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Running a Temperature


Corporate lobbyists prepare ground for Heathrow expansion

News that Heathrow is proposing not one, but two new runways in its submission to the Davies Commission on aviation expansion, is the culmination of a crafty lobbying strategy that swung into action as soon as the last election was over.

The Tories and Liberal Democrats won votes in London for their commitment to overturn New Labour's decision to go ahead with a third runway. As soon as David Cameron got his feet under the table, that policy was rolling backwards.

Corporate lobbyists told him he would eventually have to agree and suggested how to do it. Set up an enquiry, they said, shift the debate away from whether new capacity is needed at all, in light of runaway climate change, to be about where in the south-east new capacity will be.

Let everyone put forward their views – even Bonkers Boris and his hair brained island gateway plan.

Get Howard Davies, former head of the Confederation of British Industry – one of the main cheerleaders for airport expansion – to finalise his commission’s report after the next election, so it is not an issue in London. Then whichever party is in power can study it carefully – and then give Heathrow and the airline industry what it wants.

The Financial Times has called the Davies Commission a "battle of ideas", but it is no such thing. It is just underhand chicanery to circumvent popular opposition in London, including in Tory or Lib-Dem strongholds like Richmond and Kingston.

Heathrow made the astonishing claim that by adding a third, and then a fourth, runway they would be able to reduce the noise nuisance. They must think we are plane stupid.

The new runway will increase the number of flights by 54% from 480,000 to 740,000 each year. About 250,000 people are already deemed to be suffering from noise nuisance so how can more than doubling the number of flights make it quieter?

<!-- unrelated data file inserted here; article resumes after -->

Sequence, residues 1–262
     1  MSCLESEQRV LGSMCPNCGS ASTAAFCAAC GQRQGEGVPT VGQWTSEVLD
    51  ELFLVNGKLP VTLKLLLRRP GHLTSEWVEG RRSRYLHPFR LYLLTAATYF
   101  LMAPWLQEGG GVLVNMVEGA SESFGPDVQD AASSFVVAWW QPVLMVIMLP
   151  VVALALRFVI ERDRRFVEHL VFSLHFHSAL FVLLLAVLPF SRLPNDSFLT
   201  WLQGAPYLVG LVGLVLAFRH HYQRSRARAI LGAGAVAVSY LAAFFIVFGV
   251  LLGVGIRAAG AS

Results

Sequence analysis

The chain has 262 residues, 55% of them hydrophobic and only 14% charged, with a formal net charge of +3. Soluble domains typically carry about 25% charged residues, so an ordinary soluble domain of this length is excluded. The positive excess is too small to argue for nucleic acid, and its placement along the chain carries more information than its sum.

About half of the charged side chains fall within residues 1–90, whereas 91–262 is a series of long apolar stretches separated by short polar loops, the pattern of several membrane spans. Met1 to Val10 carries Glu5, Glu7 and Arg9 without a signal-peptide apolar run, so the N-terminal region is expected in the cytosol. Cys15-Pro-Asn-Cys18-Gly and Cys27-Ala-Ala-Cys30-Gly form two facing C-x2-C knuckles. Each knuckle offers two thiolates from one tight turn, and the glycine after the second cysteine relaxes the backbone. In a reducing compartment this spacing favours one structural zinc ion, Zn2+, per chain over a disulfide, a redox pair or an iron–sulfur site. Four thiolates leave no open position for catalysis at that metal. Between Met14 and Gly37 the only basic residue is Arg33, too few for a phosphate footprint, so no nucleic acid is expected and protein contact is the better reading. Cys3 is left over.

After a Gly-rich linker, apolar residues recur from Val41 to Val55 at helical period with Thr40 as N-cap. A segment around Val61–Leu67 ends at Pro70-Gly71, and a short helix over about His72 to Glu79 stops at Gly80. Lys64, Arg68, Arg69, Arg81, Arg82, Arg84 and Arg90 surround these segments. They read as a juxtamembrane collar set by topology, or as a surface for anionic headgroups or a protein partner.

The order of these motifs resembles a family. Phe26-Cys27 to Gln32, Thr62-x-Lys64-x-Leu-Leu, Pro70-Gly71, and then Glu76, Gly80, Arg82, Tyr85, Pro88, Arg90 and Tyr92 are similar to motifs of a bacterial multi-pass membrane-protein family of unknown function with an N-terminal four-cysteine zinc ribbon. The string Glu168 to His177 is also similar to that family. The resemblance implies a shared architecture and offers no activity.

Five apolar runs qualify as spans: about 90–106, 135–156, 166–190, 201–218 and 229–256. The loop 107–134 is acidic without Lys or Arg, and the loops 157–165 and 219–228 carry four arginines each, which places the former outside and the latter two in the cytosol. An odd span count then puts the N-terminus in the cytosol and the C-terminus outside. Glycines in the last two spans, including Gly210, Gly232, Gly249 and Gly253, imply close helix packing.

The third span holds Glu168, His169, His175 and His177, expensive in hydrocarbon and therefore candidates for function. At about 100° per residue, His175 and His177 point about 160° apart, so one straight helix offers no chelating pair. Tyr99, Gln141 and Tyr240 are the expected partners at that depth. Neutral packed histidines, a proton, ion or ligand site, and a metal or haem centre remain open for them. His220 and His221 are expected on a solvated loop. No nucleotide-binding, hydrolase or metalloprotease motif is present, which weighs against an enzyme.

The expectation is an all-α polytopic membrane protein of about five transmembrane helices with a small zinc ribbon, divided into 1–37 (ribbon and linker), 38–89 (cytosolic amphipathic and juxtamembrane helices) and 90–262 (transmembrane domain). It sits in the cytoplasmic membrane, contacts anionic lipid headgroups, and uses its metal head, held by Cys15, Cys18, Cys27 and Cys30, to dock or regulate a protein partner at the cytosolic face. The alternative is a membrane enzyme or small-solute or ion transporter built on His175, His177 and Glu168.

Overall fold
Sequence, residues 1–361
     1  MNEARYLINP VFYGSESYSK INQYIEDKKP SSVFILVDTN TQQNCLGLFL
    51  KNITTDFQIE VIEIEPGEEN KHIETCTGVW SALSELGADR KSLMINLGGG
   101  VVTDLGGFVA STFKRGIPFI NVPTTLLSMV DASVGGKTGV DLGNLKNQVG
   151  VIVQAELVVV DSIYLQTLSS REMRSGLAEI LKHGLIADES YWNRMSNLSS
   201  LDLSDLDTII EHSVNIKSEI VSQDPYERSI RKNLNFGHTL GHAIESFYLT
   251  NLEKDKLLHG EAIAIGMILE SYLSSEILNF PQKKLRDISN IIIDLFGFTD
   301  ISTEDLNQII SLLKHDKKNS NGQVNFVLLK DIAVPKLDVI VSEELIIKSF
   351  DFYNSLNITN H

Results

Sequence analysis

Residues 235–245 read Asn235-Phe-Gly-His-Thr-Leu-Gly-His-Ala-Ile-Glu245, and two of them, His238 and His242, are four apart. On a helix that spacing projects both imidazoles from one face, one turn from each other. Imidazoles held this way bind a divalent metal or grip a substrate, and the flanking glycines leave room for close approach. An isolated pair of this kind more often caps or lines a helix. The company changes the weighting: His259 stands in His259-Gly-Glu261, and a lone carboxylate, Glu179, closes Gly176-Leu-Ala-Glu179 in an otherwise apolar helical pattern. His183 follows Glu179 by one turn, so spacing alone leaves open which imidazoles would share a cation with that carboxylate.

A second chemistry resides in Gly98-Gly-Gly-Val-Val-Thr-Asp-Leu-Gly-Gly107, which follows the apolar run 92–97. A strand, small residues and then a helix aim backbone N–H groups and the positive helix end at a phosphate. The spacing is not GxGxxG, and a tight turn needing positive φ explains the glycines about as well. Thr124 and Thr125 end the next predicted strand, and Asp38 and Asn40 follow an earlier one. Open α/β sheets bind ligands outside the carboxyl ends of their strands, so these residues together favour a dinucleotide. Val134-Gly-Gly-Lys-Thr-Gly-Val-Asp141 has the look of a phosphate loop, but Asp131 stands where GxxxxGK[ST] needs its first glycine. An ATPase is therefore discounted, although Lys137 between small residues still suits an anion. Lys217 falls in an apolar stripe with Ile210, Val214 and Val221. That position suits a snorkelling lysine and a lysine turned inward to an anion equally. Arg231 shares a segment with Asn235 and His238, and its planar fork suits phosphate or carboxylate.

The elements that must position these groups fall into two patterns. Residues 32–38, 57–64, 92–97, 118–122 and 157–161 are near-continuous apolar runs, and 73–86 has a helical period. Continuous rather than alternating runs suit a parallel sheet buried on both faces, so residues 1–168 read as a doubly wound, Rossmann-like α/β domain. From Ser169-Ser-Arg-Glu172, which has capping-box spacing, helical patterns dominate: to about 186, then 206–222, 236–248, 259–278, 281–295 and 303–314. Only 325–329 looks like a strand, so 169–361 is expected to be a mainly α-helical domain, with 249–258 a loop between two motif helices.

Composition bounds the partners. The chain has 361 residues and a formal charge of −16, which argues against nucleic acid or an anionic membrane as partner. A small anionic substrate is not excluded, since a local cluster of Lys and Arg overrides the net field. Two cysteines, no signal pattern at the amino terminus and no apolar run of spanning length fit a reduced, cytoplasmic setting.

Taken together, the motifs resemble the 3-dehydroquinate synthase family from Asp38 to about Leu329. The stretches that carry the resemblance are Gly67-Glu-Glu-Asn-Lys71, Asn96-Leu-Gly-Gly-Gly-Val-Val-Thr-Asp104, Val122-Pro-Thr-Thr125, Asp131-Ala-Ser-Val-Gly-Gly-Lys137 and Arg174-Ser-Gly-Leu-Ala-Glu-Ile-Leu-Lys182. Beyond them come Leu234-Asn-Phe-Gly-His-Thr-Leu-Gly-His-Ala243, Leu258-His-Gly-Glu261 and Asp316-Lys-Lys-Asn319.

Heathrow runs at 98% capacity, unlike rivals at Paris Charles De Gaulle, Amsterdam Schiphol and Frankfurt which all have spare capacity. They want to use it to add more long-haul flights to the industrial and commercial hubs in India, China, Brazil and Russia. Heathrow does not want to be left behind.

Whilst Heathrow has proposed three possible sites for a third runway – either to the north, northwest or southwest of the existing airport – this may be no more than a trick. The southern route would put wealthy homeowners in Richmond and Twickenham under the flight path. One of the northern routes would require demolition of the village of Harmondsworth.

The second northern route is almost the same as the original proposal and would mean demolition of 2,500 homes in Harlington, Cranford Cross and Sipson and this is the one Heathrow wants.

However,  they were at pains to stress that it is the government that will make the final decision, adding a figleaf of democratic accountability over the whole sordid adventure.

The government's advisory Committee on Climate Change has written to Davies, reminding him that aviation emissions are included in the UK's legally binding emissions reduction targets.

The target, which is to reduce economy-wide emissions by 80% against 1990 levels by 2050, can only be achieved if aviation emissions are reduced to 2005 levels by 2050.

This is totally incompatible with Heathrow's plans for airport expansion. Heathrow Airport Holdings Ltd, which owns Heathrow, Stansted and Aberdeen airports, is itself owned by a holding company called FGP Topco. It is in turn wholly owned by Spanish firm Ferrovial.

This year the Chinese Investment Corporation – aka the Chinese government – bought a 10% stake in Heathrow and the Qatar government sovereign wealth fund is waiting for European competition regulators to rule on whether it can buy a 20% stake.

These investments are for one purpose only – to get a return on capital that makes it a business proposition. So, in the end, neither the quality of life for Londoners nor the dangers of climate change will be deciding factor. As always, it will be business as usual.

Penny Cole
Environment editor
18 July 2013

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